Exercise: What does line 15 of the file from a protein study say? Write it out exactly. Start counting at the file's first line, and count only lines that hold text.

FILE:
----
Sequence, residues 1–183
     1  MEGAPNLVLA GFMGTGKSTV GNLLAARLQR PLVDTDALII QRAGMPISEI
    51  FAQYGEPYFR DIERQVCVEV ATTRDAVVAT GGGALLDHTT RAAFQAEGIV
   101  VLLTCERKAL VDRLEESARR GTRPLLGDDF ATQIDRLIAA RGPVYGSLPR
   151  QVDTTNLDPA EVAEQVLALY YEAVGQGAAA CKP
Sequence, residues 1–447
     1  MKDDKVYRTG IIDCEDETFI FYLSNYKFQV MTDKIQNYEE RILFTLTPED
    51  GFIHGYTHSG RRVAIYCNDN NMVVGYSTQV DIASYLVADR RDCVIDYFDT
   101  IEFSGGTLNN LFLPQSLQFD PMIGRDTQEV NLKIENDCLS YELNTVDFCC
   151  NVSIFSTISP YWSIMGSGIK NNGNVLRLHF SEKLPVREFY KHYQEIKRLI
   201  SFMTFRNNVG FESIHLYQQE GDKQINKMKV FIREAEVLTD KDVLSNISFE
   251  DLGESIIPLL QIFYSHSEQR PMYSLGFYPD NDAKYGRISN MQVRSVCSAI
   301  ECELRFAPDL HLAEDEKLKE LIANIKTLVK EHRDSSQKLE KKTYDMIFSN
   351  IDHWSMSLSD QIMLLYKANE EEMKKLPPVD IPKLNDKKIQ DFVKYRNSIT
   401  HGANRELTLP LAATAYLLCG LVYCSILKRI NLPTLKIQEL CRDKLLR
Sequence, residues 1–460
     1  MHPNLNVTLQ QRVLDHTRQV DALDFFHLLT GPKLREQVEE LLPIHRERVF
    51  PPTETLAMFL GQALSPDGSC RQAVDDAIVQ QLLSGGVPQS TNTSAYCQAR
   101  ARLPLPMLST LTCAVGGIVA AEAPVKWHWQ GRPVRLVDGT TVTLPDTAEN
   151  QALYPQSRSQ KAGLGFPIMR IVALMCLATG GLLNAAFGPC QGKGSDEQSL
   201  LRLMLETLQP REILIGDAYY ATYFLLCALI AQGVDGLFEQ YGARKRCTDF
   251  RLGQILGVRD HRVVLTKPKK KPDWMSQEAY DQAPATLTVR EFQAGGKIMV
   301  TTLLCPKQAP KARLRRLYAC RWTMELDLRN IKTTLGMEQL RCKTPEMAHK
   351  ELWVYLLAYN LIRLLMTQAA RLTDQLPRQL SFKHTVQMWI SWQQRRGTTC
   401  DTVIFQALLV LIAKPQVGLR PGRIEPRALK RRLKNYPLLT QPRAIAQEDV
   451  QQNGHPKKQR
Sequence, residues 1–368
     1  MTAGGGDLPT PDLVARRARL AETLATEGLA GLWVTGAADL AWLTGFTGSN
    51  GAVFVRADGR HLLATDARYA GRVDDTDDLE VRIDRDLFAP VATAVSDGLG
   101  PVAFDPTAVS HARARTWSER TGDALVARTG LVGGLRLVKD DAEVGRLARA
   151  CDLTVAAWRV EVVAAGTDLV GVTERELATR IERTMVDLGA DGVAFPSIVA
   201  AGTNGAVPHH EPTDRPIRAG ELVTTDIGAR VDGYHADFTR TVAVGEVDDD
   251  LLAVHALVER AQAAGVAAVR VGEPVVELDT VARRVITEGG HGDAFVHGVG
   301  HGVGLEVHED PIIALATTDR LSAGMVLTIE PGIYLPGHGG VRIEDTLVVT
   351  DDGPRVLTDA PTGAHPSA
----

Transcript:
   401  HGANRELTLP LAATAYLLCG LVYCSILKRI NLPTLKIQEL CRDKLLR